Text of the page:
DNA profiles and fingerprints of almost 8,000 individuals have been stored on a police counter-terrorism database, it has been disclosed.

Records relating to 7,800 people were logged as of October last year, a report by an official watchdog said.

The archive - which is separate from the larger national DNA database - includes biometric details of thousands of individuals who have not been convicted.

It was also revealed that at least 45 records will have to be deleted, even though authorities may have sought to hold them on national security grounds.

A report from Biometrics Commissioner Alastair MacGregor QC said that in October 2013 the DNA profiles and/or fingerprints of some 6,500 identified individuals were being held by police forces on the national counter-terrorism database.

Two years later the number stood at 7,800.

It is believed to be the first indication of the size of the database to be made public. The total is higher than previous indications of the number of terror suspects in the UK.

Of the individuals whose biometric records were being held by police on counter-terrorism databases, 4,350 - or around 55% - had never been convicted of a "recordable" offence. This is generally a crime which can attract a prison sentence.

Previously DNA profiles and fingerprints could be retained indefinitely regardless of whether someone had been convicted or not.

Under the current regime rolled out in 2013 this is permitted in circumstances when someone is convicted of a recordable offence, but in most other circumstances the details should be deleted at the conclusion of an investigation or proceeding.

However the rules allow for the extended retention of material taken from an individual who has not been convicted of a recordable offence when a senior officer makes a national security determination (NSD). These allow biometrics to be kept for up to two years and can be renewed.

By October the cases of 1,900 individuals who had not been convicted but whose records were being retained on the counter-terrorism databases had been reviewed, with NSD applications submitted for around 11%.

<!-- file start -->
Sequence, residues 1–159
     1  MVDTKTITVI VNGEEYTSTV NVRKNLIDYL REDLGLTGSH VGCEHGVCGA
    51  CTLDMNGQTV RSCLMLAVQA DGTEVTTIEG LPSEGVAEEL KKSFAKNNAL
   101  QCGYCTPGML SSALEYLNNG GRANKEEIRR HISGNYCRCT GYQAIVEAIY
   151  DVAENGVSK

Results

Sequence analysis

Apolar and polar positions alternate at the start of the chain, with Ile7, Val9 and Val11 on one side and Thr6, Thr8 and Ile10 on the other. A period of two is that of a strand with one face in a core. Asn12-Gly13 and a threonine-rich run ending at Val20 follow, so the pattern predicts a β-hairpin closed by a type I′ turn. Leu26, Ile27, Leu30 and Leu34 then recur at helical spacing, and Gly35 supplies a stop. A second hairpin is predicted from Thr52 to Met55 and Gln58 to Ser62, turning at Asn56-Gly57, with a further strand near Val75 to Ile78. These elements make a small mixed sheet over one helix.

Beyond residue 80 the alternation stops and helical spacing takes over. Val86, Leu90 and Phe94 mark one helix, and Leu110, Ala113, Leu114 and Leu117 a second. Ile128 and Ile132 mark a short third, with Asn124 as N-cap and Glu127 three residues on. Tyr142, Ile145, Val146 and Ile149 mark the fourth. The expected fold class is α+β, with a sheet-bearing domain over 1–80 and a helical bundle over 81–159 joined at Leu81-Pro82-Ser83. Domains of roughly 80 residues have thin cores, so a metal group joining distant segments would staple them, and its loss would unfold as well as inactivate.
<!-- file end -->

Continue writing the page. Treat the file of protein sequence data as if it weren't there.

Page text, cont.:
It was also disclosed that records for which NSDs may have been sought must be erased.

Mr MacGregor's report said: "I understand that by 31 October 2015 handling and other delays had led to a situation in which the statutory retention periods in respect of the biometric records of at least some 450 individuals had expired before NSDs could be or had been made in relation to them.

"Although it seems unlikely that NSDs would have been applied for and made in relation to more than a small proportion of those records, I also understand that in about 10% of those cases it is possible that NSDs would have been applied for.

"Indeed, in at least three of those cases such applications had in fact been made and approved."

The commissioner added that he had been assured that "urgent steps" are being taken to "procure the speedy deletion" of material that has remained on counter-terrorism databases "beyond its lawful retention date".

A spokeswoman for the National Police Chiefs' Council said: "The fingerprint and DNA data of a small number of individuals who potentially pose a threat to national security have been deleted from biometric databases as the retention period expired before a national security determination (NSD) could be submitted for approval.

"The identity of these individuals is known and the risks they potentially pose are being managed in conjunction with partner agencies.

"Comprehensive measures have been put in place to prevent the loss of further biometric data from individuals of concern before an NSD is applied for."

Daniel Nesbitt, research director of Big Brother Watch, said the report "raises a number of important concerns that will just pile more pressure on the Home Office to sort out its approach to biometric technology".